In many applications it is highly desirable to connect another device to the eyepiece. These devices may include photographic or television cameras or beam splitters for permitting two or more individuals to view an image simultaneously or to allow one individual to view the image directly while a television camera records the image simultaneously. Sometimes an individual has a preference for an eyepiece of a particular size the differs from the size of the eyepiece associated with the endoscope, borescope or the like. In both situations it is desirable to have an adapter that will attach the eyepiece of the desired size or a coupler that will attach a diverse optical device to an eyepiece associated with the endoscope or borescope. In the following discussion the term "coupler" is meant to include any such coupling devices or adapters.

Several couplers have been proposed for mechanically coupling an optical device to an eyepiece including those disclosed in the following U.S. Pat. Nos.

4,066,330 (1978) Jones

4,305,386 (1981) Tawara

4,318,395 (1982) Tawara

4,740,058 (1988) Hori

The Jones patent discloses an endoscope eyepiece with an opto-mechanical coupler. A spring-biased cam ring mounted on the coupler rotates to retract retaining studs and integral heads radially outward. When the studs are retracted the eyepiece can pass between the heads for connection to or separation from the eyepiece. When the cam ring is released, a spring biases it to a stable position and thereby moves the studs radially inward until the heads engage the flared surface of the eyepiece housing. This action clamps the eyepiece to and centers the eyepiece on the coupler.

The Tawara-386 patent discloses an endoscope accessory mounting device, or coupler, with a spring-biased cam ring that controls the position of axially aligned, radially extending plate cams. When the cam ring is rotated, the eyepiece can freely pass into or separate from an eyepiece receiving socket in the accessory mounting device. When the eyepiece is located in the socket and the cam ring is released, springs displace the cam ring to its stable position and the cam plates rotate into engagement with the flared surface of the eyepiece thereby to clamp and center the accessory mounting device with respect to the eyepiece.

The Tawara-395 patent also discloses an endoscope coupler with spring-biased axially aligned cam plates that are biased against a radially acting spring biased plunger. In this coupler the eyepiece snaps into the coupler by driving the cam plates away from a central axis and compressing the springs on the cam plates. When the eyepiece seats in a socket, the springs drive the cam plates against the flared surface of the eyepiece to clamp and center the coupler with respect to the eyepiece. An individual compresses the radially acting, diametrically opposed plungers to move the cam plates to an open position when it is desired to separate the coupler from the eyepiece.

The Hori patent discloses an optical mechanical coupler with a C-shaped clamping member that is axially displaced from a clamping surface and operated by a locking ring or clamp member. When the clamp member rotates to one extreme position it axially displaces the C-shaped clamping member from the clamping surface. An eyepiece can then be inserted from the side. A reverse rotation of the clamp member displaces the C-shaped clamping member into the eyepiece thereby to clamp and center the coupler with respect to the eyepiece.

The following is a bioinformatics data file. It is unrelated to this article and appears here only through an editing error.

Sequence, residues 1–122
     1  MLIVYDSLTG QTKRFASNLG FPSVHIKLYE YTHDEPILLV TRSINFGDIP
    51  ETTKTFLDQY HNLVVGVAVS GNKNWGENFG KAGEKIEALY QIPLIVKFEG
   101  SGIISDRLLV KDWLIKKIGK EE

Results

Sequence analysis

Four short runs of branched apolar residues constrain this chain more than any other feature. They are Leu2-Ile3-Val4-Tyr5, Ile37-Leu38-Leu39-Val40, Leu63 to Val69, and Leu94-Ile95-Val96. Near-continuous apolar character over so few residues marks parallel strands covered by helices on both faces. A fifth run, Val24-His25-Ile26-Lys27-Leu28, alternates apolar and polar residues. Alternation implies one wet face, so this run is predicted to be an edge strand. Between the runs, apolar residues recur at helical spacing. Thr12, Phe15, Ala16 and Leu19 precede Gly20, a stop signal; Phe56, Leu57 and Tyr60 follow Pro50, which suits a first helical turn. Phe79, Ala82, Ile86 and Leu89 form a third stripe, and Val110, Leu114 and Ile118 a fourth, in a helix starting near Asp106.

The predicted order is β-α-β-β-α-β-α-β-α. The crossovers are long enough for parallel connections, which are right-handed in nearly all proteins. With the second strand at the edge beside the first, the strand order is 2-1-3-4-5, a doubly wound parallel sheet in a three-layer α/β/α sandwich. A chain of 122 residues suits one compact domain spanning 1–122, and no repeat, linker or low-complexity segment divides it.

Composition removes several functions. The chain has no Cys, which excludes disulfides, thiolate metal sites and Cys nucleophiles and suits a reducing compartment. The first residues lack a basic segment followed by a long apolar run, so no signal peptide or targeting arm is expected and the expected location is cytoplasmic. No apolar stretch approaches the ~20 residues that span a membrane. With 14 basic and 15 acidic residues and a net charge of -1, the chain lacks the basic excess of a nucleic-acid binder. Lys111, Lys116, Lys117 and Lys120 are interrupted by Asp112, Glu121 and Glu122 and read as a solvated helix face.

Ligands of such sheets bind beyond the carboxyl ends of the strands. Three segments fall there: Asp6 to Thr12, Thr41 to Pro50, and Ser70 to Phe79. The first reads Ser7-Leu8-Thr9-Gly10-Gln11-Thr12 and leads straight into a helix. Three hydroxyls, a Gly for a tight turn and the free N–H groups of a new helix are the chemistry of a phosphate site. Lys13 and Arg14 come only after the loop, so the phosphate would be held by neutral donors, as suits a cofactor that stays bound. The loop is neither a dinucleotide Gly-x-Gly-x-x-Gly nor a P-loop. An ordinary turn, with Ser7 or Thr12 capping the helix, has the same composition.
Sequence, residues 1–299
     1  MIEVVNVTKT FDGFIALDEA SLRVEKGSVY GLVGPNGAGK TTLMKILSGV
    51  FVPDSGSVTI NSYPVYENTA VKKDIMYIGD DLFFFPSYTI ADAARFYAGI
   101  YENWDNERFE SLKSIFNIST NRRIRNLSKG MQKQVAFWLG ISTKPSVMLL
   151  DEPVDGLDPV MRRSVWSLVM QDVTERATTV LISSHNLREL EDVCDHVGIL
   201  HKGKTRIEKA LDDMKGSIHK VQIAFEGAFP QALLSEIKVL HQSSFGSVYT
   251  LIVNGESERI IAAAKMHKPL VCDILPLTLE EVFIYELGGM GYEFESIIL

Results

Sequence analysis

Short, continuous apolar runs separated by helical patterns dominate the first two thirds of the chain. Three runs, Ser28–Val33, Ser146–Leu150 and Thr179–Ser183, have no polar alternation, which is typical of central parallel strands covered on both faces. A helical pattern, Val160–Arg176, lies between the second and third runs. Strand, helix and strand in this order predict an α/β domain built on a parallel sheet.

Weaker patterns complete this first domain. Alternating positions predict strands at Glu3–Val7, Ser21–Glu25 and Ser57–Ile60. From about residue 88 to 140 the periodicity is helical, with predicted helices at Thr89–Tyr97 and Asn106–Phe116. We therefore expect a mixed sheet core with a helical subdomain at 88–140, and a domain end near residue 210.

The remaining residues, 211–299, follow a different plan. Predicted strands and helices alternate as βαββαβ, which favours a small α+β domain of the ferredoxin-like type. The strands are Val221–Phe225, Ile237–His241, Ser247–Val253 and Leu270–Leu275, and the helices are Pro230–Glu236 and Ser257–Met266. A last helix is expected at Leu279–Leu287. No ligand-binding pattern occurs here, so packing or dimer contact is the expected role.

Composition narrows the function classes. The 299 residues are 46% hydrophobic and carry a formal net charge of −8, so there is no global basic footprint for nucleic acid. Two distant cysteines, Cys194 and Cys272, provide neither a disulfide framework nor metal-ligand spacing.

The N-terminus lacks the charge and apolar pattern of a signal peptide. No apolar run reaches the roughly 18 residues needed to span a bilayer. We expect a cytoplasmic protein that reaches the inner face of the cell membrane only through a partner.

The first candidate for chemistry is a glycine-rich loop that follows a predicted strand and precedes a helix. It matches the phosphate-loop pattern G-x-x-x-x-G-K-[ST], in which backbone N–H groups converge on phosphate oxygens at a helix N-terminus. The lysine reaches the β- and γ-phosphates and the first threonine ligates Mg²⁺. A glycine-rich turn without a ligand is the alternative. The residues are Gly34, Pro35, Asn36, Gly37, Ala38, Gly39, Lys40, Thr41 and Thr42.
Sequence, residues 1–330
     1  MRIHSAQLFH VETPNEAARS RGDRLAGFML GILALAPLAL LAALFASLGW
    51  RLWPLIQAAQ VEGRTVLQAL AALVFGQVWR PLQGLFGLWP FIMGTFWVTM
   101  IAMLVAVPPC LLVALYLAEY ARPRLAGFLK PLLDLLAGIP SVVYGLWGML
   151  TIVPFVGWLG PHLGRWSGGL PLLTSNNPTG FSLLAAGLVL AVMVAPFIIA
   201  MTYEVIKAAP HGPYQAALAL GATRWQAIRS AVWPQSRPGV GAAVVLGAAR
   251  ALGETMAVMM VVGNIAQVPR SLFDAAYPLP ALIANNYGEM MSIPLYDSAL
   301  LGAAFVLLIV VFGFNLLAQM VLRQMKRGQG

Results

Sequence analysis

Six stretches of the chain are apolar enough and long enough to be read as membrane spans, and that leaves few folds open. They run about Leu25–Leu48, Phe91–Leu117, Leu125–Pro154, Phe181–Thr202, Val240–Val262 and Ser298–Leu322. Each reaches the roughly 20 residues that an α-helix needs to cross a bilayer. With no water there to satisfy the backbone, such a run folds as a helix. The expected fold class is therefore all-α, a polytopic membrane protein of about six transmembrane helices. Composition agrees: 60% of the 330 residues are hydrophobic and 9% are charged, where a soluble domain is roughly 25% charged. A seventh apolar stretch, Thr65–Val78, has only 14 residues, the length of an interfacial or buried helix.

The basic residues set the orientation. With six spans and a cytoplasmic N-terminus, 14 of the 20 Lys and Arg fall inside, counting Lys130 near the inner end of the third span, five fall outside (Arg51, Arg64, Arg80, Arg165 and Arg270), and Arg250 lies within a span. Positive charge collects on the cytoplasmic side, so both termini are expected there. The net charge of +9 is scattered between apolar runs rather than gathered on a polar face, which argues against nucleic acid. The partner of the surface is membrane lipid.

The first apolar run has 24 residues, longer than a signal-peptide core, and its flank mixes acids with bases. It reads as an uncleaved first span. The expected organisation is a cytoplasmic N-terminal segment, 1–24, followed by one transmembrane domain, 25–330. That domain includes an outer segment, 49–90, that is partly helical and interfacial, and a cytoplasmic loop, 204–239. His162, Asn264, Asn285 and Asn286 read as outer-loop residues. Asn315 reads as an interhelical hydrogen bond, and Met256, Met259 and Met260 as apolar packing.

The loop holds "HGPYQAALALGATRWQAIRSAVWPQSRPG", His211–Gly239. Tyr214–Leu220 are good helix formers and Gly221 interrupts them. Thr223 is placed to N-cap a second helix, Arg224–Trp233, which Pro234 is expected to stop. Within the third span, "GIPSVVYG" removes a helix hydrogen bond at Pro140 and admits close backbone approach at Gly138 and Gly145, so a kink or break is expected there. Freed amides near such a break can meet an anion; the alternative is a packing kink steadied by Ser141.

Over the years the use of these and other mechanical couplers for eyepieces have led to the establishment of a number of desirable coupler criteria. Specifically, the attachment and separation processes must be simple and be capable of being performed with one hand. It should be possible to rotate the coupler with respect to the eyepiece. The coupler must be easy to clean and, in the case of endoscopes, be easy during use to sterilize. It must be inexpensive to produce, and reliable in use. Further, it should be possible to attach a single coupler to eyepieces of a given nominal diameter having diverse cross-sections or forms through the flared housing portions.

Prior art couplers have exhibited some of these criteria, but not all of them. For example, The Tawara-395 patent coupler enables one-handed operation. The Jones and Tawara patents permit rotation between the eyepiece and the coupler. However, each of the above-described structures requires the assembly of a large number of components in the form of cam plate studs, Springs, rotatable control members, plungers and other elements. These structures are complicated, increase the manufacturing complexity and are subject to failure when debris accumulates in the operative mechanism during normal use, particularly in medical applications. Such couplers can not readily be repaired on site. A customer must maintain an inventory of such couplers or must be capable of operating whenever one of these couplers is at the factory for repair. With particular respect to endoscopes, the sterilization process is complicated because the mechanisms can trap solution making it difficult to assure that all the sterilizing solution has been evaporated or removed. Thus none of these couplers exhibit all the desirable criteria. Moreover, none of these couplers incorporate a simple, reliable structure.

SUMMARY

It is an object of this invention to provide a simple, reliable coupler for an eyepiece that contains no moving parts.

Another object of this invention is to provide a simple, reliable coupler for an eyepiece that is adapted for one-handed, quick attachment and release operations.

Still another object of this invention is to provide a simple, reliable coupler for an eyepiece that is adapted for simplifying cleaning and sterilizing operations.